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Dollars and sense: Financial skills for teens with learning disabilities

Help your child with LD or AD/HD develop his money management know-how with these expert tips.

By Arlyn Roffman, Ph.D.

Becoming a responsible consumer is essential for adjusting to adult life, yet many adults with learning disabilities (LD) rank handling money and banking as the most difficult among the problems they encounter. Problems in this area are often tied to specific characteristics of LD or attention-deficit/hyperactivity disorder (AD/HD). This article describes common pitfalls and offers parents strategies for providing teens with LD or AD/HD a foundation of money management know-how necessary for independent living.

The table below illustrates some of the ways various characteristics of LD and AD/HD can result in financial challenges.

Learning or attention problem Challenges when managing money
Impulsivity Problems with impulse buying beyond the limit of one's budget
Memory problems Difficulty remembering to record bank transactions (for example, ATM cash withdrawals)
Temporal problems Issues with remembering to pay bills on time
Organizational problems Difficulty gathering all the items (monthly statement, check register, calculator, etc.) necessary to balance one's checkbook
Distractibility Trouble maintaining concentration during the process of reviewing one's checking account
Visual discrimination Tendency to make errors in calculation due to number inversions (for example, writing "61" or "19" instead of "16")
Spatial issues Tendency to misalign numbers in the check register columns, leading to computation errors
Visual figure-ground problems (focusing on one image against a busy background) Problems focusing on individual lines of the monthly bank statement
Reading Trouble reading store signs (or price tags), notices from the bank, and contracts (for instance, for membership to a gym)
Spelling Difficulty spelling numbers correctly when writing out checks
Math Problems performing mental math (estimating how much an item on sale at 25% off will cost, for instance, or knowing how much change to expect when making purchases); difficulty performing calculations involved in reconciling a checking account

 

Teaching your teen financial skills

Money management skills can be introduced very early, with children in the lower elementary school grades learning the value of the coins and currency they save in their piggybanks and having your guidance when deciding how to spend their savings. As your child with LD or AD/HD matures, you should gradually introduce more complex skills, such as budgeting and managing a checking account.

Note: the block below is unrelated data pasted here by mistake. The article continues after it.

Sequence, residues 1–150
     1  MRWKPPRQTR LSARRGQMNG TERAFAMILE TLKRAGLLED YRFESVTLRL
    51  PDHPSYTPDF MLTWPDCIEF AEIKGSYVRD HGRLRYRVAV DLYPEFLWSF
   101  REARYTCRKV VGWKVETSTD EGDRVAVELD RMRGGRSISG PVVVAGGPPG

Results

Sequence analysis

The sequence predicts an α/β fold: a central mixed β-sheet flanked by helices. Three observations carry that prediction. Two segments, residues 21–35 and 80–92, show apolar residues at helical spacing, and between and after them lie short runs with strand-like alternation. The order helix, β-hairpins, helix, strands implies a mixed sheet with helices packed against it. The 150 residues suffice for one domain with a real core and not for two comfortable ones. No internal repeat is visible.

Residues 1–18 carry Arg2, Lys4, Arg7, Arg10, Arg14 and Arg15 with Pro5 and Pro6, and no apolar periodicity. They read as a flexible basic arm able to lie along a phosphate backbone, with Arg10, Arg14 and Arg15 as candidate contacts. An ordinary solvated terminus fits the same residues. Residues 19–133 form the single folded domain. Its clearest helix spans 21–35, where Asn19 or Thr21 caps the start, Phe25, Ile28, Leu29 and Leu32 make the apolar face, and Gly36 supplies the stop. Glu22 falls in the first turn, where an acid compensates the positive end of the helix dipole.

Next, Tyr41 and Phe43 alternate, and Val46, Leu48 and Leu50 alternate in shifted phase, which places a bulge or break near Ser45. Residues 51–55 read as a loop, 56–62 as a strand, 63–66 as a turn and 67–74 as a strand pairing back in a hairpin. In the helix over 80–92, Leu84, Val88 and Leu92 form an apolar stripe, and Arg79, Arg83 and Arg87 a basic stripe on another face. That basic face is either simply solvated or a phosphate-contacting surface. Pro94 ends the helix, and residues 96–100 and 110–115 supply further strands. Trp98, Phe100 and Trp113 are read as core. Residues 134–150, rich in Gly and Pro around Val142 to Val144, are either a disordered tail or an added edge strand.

Here are some strategies for teaching consumer skills and money management during your child's middle and high school years:

Consumer skills

  • Orient your child to a variety of types of stores, such as the drugstore, grocery store, and department store. In each store, note the layout and the groupings of items. Point out the aisle signs and conduct "think alouds" as you shop (for example, "We need some Band-Aids, so I'm going to the aisle that says first aid. If I can't find them there, I can ask the clerk at the cash register where they are.") By middle school your child should be able to find items she commonly uses (school supplies, hair products, etc). By the end of high school, she should be able to shop on her own at any of these stores for basic items.
  • Help your child learn the sizes of the shoes and clothing she wears. Too many parents of middle and even high school students with LD and AD/HD continue to choose their children's clothing well beyond the point when this type of control is appropriate. By middle school, your child should be able to choose her own clothing, within guidelines you have set. This is one way you can foster the self-determination necessary for successful adjustment to adult life.
  • Discuss tipping with your teen. List the kinds of people she might tip (waiters, bellhops, etc.) and how to determine the tip for each person based on the quality of service and the going rate. When you dine out together, have your teen calculate the tip using a tip chart (available in most stationery stores).
  • Counsel her about credit cards. Explain how credit cards work as well as the associated dangers of using them. When your teen reaches age 18, numerous banks will start sending her invitations to apply for credit cards. Choose one reputable bank, and have her apply for a card with a credit limit of $500 or less. Discuss with her what may be charged, and walk her through the process of paying the monthly bills — preferably in full to avoid paying interest while still establishing her credit history.
  • Teach your teen about basic contracts, such as rental leases, gym memberships, cell phone agreements, and Internet service contracts. Warn her about high-pressure sales tactics that offer a special price "only if you sign up today."

Arlyn Roffman, Ph.D., an expert on transition issues in special education, is a Professor at Lesley University, where she served as founding director of Threshold, a transition program for young adults with learning disabilities, from 1981 to 1996. She has served on the professional advisory boards of several national LD organizations and maintains a private practice in psychology.


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